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Victoria University of Wellington Law Review

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Waetford, Tane --- "Nga Tai Matatu: Tides of Maori Endurance" [2005] VUWLawRw 44; (2005) 36(4) Victoria University of Wellington Law Review 871


Tane Waetford[*]

Mason Durie Ngâ Tai Matatû: Tides of Mâori Endurance (Oxford University Press, Melbourne, 2005) (288 pages).

Mâori have faced many challenges that have threatened their way of life and tested their ability to adapt to new and changing circumstances. Ngâ Tai Matatû: Tides of Mâori Endurance examines the many events that have shaped and influenced Mâori life and analyses the way in which Mâori have responded to such challenges.[1] The analysis provides a valuable insight into Mâori aspirations and values and provides a framework for future development. The book considers the way forward for Mâori by looking at the position of Mâori at the beginning of the third millennium and the challenges that lie ahead.

The author compares Mâori progress with tidal patterns. It is common within Mâoridom to use metaphors or parables in either written or oral communication, consistent with contextual learning. The metaphor in this instance is appropriate. Like the tides, progress has been uneven and inconsistent.[2] The comparison, however, also provides a sense of endurance. The book focuses on the enduring qualities of durability and resilience, which have ensured the survival of Mâori culture and identity

Ngâ Tai Matatû: Tides of Mâori Endurance provides a carefully structured overview of Mâori history, identifying some of the key challenges and events that have shaped Mâori development. Perhaps the biggest challenge for the early Mâori was the migration to Aotearoa.[3] Their survival depended on the adaptability of tikanga (custom) and mana whenua (property rights).[4] Large migration numbers necessitated rules of property and tenure, as well as the development of relational customs between whânau, hapû, iwi, and inter-tribal relations. Adaptability and survival skills were further tested with the arrival of European trade and colonisation. Radical changes to the political and social scene led to such responses as the Kingitanga movement, Paremata Mâori (Mâori Parliament), Mâori health initiatives, Mâori educational institutions and political involvement. More recently, Mâori have had to deal with issues such as urban transitions and globalisation.

The author presents comprehensive research and analysis throughout the book, drawing on published evidence. Chapter two, for example, looks at changing population trends and demographic patterns.[5] The analysis provides an interesting look at how the population, composition and identity of Mâori have evolved over the years. The Mâori population in the twenty-first century is more numerous that at any other time. This expansion has brought with it greater challenges of diversity, cultural cohesion and homogeneity. The author however foresees outcomes such as improved health and higher levels of educational attainment as well as a fresh spirit of vitality, innovation, creativity and accomplishment.[6]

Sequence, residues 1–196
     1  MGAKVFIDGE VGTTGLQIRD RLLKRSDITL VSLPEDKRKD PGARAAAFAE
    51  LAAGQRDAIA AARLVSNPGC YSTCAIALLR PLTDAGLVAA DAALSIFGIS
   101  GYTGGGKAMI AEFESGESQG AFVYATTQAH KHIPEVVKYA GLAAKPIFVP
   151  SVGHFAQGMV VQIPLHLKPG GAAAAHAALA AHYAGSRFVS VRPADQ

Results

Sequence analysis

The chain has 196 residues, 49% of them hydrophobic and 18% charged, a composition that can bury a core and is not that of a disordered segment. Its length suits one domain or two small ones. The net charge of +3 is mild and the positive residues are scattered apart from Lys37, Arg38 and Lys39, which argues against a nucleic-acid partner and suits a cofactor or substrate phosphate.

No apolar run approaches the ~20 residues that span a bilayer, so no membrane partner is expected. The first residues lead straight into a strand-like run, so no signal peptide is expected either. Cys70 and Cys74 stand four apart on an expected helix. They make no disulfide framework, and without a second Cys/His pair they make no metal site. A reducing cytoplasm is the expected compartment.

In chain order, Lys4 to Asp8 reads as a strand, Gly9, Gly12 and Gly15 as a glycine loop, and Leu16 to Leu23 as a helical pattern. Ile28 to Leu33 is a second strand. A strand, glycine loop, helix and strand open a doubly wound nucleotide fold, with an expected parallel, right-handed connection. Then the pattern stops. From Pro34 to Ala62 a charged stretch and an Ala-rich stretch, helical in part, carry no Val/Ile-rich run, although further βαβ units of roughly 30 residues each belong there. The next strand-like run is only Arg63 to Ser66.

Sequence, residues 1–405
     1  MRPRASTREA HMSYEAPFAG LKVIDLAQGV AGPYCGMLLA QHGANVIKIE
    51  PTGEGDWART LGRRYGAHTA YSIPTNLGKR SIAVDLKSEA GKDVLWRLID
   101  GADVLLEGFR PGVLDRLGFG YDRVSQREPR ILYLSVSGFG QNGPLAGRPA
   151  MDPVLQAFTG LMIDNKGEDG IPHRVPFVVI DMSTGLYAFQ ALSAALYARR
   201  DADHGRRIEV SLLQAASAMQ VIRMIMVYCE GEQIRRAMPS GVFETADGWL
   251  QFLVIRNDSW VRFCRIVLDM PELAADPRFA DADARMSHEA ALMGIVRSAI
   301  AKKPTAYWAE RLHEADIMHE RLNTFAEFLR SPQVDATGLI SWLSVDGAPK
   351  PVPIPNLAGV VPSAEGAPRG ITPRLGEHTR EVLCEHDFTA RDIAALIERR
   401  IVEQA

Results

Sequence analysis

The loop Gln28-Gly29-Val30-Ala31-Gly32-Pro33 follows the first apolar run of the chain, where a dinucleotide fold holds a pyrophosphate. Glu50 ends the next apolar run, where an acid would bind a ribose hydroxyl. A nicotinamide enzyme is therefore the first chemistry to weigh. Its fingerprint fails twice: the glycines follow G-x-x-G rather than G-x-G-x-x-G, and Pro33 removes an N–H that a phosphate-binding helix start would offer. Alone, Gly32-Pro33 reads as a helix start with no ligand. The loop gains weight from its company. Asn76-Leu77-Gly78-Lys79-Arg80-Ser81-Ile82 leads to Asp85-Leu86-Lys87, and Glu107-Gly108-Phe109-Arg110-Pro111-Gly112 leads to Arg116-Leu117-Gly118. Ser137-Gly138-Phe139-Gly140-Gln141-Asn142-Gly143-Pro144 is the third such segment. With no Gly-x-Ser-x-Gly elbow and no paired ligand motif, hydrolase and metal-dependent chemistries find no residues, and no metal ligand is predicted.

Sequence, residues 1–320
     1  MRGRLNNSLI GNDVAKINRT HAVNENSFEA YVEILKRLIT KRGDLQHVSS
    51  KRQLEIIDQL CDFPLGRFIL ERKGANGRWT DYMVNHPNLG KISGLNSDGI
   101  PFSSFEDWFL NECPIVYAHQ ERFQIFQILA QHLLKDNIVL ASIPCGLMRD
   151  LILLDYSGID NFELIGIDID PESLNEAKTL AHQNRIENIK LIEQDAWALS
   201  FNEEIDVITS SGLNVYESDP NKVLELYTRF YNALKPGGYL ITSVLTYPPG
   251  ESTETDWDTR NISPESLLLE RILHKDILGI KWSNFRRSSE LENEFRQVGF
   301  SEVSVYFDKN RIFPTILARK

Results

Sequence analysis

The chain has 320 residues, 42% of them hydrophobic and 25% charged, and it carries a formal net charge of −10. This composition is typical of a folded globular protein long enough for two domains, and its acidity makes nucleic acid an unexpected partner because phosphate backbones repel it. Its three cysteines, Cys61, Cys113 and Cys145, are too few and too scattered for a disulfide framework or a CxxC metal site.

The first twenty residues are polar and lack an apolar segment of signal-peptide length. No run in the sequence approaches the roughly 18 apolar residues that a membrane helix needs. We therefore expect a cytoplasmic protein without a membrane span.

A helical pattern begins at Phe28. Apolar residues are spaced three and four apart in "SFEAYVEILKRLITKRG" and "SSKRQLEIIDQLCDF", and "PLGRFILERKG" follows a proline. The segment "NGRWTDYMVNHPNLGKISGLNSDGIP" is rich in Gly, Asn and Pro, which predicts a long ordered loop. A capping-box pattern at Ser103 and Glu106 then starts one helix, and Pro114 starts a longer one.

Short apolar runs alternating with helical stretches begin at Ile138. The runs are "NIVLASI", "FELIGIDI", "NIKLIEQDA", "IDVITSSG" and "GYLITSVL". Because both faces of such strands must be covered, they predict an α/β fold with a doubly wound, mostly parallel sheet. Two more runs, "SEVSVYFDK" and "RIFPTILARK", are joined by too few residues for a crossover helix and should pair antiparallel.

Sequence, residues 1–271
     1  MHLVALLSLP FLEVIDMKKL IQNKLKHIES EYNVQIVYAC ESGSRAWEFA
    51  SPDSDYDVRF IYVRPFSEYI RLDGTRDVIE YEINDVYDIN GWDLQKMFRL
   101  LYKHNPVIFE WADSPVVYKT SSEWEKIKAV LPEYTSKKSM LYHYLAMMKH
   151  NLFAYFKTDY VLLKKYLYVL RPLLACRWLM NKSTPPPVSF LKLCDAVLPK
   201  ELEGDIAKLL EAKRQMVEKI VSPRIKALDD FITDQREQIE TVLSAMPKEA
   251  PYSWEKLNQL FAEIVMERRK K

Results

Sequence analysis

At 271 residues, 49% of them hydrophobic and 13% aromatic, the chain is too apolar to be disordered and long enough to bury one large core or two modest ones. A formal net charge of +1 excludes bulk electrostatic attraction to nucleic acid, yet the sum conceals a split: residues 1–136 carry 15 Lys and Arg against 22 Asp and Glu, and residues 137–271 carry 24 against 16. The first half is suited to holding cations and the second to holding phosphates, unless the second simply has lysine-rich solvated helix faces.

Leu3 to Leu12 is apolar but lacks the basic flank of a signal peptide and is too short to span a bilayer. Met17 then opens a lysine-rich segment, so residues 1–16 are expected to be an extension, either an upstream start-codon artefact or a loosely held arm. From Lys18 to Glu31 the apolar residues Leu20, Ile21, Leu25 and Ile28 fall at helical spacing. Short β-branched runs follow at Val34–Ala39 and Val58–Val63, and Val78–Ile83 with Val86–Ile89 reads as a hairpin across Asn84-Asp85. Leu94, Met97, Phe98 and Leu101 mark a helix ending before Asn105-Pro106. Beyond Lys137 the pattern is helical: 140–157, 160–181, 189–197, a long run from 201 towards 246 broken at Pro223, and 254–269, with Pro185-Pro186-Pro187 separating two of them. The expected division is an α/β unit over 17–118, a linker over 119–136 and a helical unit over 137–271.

Ngâ Tai Matatû: Tides of Mâori Endurance considers many of the current issues that face Mâori, and provides comprehensive research and analysis.[7] It considers the way in which Mâori have responded to previous challenges, and proposes a number of models and frameworks to deal with current and future challenges.[8] As reflected in the title, Mâori have demonstrated a durability and resilience that has ensured the survival of their culture and their identity. In the concluding chapter the author builds on this theme by proposing a framework for future development and growth. From the themes and case studies of Ngâ Tai Matatû the author identifies four domains – te tai atua (spiritual), te tai tângata (human), te tai tini (resource) and te tai ao (global). [9] Future growth and success depends on the ability of Mâori to find the right balance between these domains. Durie then employs a fifth domain – te tai hono (navigational). This domain provides the link between the various domains and recognises the challenges for leadership and longer-term planning.

[*] Kaitakawaenga Mâori, Faculty of Law, Victoria University of Wellington.

[1] Mason Durie Ngâ Tai Matatû: Tides of Mâori Endurance (Oxford University Press, Melbourne, 2005).

[2] Durie, above n 1, viii.

[3] See Durie, above n 1, ch 1.

[4] Durie, above n 1, 9.

[5] See Durie, above n 1, 35, table 2.2.

[6] Durie, above n 1, 52.

[7] See for example Durie, above n 1, 136 "Scientific Research".

[8] See for example Durie, above n 1, 148, fig 6.2.

[9] Durie, above n 1, 236, table 10.1.

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